Lastly, decarbonization measures are primarily focused on buildings, but the call for climate action must include the people who occupy them. Creating the pathways for engagement, finding resources to support, and including students and educators requires continuous engagement and broadening our scope of work on an ongoing basis.
- Pictured: Rooftop solar array at Edwin High School, NYCPS
What do you see as the biggest opportunity in your role as Director of Energy and Sustainability for the largest school district in the country?
I see absolutely EVERYTHING as an opportunity! I am a big advocate for connecting climate and sustainability to educational priorities, plans, and policy. However, they often don’t have natural bridges to one another. That’s the significance of PlaNYC including goals beyond building infrastructure, like workforce development and climate education. We have a unique opportunity because we get to do sustainability work in schools FOR STUDENTS WITH TEACHERS IN COMMUNITIES.
Nothing is more motivating than the responsibility to never forget (or let others forget) that we must: decarbonize our buildings and operations to reduce emissions and environmental impact; connect with broader organizational leadership so sustainability is embedded in ALL core missions; and provide real opportunities to support all school stakeholders, not just select groups. We have to engage technical staff, admin, teachers, students, etc. in ways that are relevant and impactful to them. Developing young leaders as stewards and advocates, as well as preparing educators and building operators to take climate action in their roles, are areas where I believe we can make positive change.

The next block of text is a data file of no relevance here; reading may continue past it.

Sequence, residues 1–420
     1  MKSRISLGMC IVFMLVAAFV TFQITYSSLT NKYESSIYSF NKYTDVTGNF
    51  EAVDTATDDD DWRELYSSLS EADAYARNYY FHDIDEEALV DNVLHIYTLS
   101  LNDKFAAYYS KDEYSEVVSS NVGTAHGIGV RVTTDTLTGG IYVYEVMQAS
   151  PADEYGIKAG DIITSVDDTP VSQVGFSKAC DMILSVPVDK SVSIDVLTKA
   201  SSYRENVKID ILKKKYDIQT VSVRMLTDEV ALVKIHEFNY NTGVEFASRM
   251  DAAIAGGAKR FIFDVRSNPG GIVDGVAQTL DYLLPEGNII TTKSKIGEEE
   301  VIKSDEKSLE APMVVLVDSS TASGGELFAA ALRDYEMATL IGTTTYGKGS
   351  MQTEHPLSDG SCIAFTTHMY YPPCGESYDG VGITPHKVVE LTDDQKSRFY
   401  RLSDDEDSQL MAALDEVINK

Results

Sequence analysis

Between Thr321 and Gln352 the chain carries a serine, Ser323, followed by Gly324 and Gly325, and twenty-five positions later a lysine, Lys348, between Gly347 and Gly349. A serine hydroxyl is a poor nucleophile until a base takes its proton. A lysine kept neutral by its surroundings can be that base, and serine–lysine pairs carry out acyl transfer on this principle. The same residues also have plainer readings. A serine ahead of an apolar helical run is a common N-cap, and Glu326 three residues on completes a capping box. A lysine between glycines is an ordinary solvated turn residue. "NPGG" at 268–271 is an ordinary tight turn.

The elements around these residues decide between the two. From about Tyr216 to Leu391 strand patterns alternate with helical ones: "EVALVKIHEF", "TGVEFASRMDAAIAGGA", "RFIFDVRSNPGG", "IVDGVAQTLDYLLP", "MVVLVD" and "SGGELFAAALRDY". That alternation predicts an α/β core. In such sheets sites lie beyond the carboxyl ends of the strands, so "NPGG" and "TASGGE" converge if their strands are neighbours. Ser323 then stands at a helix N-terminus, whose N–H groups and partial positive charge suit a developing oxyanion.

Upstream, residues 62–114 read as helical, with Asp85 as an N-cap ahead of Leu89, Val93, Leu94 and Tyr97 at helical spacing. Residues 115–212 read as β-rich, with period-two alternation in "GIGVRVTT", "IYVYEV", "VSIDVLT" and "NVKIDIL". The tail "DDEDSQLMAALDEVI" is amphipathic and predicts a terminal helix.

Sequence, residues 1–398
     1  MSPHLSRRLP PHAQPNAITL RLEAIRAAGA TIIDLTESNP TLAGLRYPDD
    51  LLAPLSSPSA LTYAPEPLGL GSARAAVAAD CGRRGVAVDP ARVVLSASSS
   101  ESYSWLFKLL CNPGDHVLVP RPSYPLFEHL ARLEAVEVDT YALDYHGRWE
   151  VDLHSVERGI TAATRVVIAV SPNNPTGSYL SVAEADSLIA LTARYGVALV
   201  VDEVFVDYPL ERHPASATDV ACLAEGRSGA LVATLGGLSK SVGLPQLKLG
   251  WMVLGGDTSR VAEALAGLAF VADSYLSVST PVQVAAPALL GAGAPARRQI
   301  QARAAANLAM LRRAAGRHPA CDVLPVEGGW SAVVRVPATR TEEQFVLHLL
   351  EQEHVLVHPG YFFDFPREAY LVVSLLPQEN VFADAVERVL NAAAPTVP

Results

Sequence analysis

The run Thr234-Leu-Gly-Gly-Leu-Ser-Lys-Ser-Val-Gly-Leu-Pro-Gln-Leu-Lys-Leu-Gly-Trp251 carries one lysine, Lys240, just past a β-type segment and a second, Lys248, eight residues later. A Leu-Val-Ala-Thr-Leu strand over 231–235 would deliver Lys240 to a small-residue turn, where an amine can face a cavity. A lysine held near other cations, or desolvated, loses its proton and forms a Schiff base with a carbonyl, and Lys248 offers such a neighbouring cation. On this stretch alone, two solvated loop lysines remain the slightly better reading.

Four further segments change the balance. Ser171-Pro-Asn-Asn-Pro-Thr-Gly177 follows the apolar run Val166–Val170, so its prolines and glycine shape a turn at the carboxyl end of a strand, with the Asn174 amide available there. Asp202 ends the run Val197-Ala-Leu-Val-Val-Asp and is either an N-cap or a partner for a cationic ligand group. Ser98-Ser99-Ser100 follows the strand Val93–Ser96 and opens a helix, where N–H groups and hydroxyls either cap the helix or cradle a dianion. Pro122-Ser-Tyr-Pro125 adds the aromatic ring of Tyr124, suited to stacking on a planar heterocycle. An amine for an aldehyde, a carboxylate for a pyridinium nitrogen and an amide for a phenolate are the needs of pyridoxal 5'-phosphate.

Developing young leaders as stewards and advocates, as well as preparing educators and building operators to take climate action in their roles, are areas where I believe we can make positive change.